Photo courtesy of Bonnie Werlinich

Amuzu Theatre, this new business at that time being established under his management." After Mr. Layne's death, Henry E. Wofford and his brother ran the theater. 
    James Walton Lawrence, Sr., however, wrote in his book, They Called It Inman, that on September 7, 1922, Inman "got its first movie theater when Town Council granted a license to the Dixie Theater." An October 9, 1922 newspaper article stated that   Inman  had "two movie shows – one for whites and the other for colored folks." Mrs. Brown wrote that Roy Bishop "operated a picture show near the old Gin and Lumber Yard, for the black people" after electricity came to town in 1918. One resident heard that when one of the five reels was finished at the Amuzu, someone would run it across the tracks to Roy's theater so they would not have to pay to rent the film twice. Perhaps Mr. Bishop's theater was called The Dixie. 

Photos courtesy of Bonnie Werlinich

               On April 16, 1911, the Spartanburg Herald-Journal announced:  "There will be a moving picture show [in Inman], commencing tonight and continuing for one week." Silent movies – films without synchronized sound - had been around since 1896; commercial distribution began in earnest with "The Great Train Robbery" in 1903. Before Inman had electricity, Roy Bishop attached his father's planning mill gasoline engine to a generator with a light bulb over it and projected silent movies in a makeshift theater (across from 19 Mill Street). "Mill Street was a dirt street then," Mrs. Brown noted, "so he ran a wire in a tiny groove across the road from the gasoline engine to the generator at the show. If the picture stopped, everyone sitting on the benches knew he had gone to check the generator or the gas engine." This was the earliest movie theater in the town of Inman.
    According to Mrs. Brown, the permanent theater in Inman was called The Amuzu. Built by Lewis Layne on
South Main Street, it occupied the building where Fran's is now. In 1919, Henry and Bob Wofford built the big Ford building next to the Amuzu Theatre. A plat map dated September 15, 1919 shows that the three properties at the corner of Mill and Main had been sold with the Ford Agency drawn in. Lewis Layne died April 26, 1922 following a yearlong illness. His obituary stated: "He was also for some time one of the principle owners of the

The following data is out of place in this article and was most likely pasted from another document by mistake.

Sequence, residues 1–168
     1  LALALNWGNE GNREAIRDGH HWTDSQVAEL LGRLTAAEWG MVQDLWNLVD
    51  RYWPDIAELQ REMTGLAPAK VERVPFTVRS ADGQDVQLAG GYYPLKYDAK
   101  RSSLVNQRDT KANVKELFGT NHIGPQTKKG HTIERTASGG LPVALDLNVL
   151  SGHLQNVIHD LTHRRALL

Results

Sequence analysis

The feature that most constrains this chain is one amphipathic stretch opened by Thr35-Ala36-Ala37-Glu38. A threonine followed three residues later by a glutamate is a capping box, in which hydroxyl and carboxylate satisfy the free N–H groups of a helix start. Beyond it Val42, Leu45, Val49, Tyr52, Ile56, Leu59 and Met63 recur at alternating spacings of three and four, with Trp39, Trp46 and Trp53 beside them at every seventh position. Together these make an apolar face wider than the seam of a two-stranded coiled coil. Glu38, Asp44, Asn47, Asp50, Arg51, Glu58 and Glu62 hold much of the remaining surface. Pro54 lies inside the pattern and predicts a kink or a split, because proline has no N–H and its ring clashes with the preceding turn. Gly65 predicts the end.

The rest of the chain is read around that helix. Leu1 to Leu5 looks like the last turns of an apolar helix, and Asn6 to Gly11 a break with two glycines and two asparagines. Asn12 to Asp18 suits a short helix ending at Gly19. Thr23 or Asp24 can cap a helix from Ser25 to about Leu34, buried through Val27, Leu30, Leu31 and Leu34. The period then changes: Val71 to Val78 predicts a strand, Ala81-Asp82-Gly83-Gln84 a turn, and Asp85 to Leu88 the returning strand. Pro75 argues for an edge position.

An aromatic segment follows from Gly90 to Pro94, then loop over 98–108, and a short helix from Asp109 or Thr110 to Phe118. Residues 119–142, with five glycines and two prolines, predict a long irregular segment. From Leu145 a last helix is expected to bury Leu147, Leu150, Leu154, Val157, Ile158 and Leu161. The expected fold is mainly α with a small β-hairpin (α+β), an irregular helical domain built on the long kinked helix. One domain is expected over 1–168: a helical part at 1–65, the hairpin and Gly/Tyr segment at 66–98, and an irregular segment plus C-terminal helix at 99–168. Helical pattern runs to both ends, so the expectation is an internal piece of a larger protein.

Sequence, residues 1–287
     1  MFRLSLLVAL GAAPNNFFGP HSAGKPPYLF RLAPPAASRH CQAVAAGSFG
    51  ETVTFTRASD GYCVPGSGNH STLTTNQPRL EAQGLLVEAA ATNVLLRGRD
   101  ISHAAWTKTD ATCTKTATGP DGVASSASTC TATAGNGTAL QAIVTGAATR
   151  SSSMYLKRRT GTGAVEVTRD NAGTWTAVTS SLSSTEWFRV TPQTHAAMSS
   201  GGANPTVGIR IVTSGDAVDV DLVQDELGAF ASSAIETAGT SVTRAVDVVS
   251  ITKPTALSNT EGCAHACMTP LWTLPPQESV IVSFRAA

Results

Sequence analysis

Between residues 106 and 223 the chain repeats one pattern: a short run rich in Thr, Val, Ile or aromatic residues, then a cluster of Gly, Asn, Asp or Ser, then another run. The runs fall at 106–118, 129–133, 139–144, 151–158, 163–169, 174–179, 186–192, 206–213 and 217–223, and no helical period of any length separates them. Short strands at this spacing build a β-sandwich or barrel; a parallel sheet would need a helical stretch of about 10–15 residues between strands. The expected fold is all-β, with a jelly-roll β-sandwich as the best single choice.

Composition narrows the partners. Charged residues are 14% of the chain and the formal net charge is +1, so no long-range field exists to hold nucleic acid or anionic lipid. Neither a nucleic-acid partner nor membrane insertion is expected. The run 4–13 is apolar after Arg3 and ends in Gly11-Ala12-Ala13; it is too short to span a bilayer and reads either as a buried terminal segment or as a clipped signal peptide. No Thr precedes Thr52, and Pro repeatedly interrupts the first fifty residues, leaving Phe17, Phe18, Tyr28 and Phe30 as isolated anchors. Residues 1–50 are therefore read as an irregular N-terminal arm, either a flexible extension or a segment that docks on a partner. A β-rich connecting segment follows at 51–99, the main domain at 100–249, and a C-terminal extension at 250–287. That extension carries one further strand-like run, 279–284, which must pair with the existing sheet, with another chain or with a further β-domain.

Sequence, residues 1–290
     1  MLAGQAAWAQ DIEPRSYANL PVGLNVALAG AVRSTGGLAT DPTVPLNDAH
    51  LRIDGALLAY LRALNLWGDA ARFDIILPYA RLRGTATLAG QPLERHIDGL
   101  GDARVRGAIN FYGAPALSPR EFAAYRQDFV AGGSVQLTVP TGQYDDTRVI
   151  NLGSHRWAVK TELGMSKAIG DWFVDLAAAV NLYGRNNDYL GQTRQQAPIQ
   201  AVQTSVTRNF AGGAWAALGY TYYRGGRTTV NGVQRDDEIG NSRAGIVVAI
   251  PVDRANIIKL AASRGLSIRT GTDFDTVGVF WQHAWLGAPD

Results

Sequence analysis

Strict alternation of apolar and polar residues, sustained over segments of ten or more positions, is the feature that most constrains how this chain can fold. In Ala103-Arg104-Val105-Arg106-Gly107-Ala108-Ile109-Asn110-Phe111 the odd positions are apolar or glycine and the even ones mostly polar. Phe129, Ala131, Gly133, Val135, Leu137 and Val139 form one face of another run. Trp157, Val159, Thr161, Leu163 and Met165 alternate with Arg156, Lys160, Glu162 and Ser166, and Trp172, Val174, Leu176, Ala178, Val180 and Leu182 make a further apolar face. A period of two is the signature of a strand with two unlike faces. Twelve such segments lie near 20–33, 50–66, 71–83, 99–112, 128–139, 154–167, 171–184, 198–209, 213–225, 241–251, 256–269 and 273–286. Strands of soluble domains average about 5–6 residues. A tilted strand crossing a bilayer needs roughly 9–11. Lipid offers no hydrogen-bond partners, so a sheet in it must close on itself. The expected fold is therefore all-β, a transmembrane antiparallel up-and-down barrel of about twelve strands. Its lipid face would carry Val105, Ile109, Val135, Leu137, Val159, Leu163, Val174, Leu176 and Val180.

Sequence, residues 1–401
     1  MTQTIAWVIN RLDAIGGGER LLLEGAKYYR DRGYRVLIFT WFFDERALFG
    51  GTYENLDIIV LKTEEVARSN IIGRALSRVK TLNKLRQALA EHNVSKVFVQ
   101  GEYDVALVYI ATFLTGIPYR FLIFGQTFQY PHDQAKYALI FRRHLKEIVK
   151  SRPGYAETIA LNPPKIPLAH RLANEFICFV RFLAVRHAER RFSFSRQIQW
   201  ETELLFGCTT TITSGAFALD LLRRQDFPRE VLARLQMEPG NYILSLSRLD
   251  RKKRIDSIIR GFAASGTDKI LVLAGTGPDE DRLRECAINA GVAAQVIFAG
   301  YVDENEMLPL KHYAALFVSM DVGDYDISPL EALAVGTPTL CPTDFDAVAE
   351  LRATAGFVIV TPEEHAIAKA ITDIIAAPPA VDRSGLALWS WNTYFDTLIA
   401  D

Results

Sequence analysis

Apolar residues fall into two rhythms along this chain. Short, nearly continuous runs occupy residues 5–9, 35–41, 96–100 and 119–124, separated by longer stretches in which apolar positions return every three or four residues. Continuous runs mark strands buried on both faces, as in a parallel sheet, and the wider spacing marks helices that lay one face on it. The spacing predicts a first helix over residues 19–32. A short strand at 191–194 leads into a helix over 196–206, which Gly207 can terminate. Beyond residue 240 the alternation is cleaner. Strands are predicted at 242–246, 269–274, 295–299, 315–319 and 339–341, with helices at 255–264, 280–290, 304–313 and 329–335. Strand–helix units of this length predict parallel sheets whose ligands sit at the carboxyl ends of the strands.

South Carolina, local historian Jimmie Lou Bishop Brown said neighbors from Inman and other farm communities would meet above the Stewart Wingo Store; the Woodsmen of the World band would play while people sang popular songs of the day. "They did lots of singing together in homes,  then, especially when friends came to visit at night." People socialized at church, marveled at a medicine show, and discussed the novelty of  "the largest onion ever seen" in the window of the Inman Drug Company.

Photo courtesy of Bonnie Werlinich

         Movie houses of the early twentieth century once provided America with entertainment, culture, and a window to the world outside their one-horse towns. They were gathering places where residents could leave their troubles at the door and relax among familiar faces. In his book The Great Good Places, Urban sociologist Dr. Ray Oldenburg discussed the need for these "third places" in our communities. "In contrast to first places (home) and second places (work), third places allow people to put aside their concerns and simply enjoy the company and conversation around them... places where individuals may come and go as they please, in which no one is required to play host, and in which we all feel at home and comfortable." The theaters of Inman were once Great Good Places. When the final curtain fell and these theaters closed, the town of Inman lost a valuable support system that connected the residents, one to the other, and to the pulse of the town itself. 
    Before "moving pictures" came to Inman, people entertained each other. In her book The Early History of Inman

Ray and Catherine Andrews

Inman Theatre Feb 21 1990

The Andrews onstage at Inman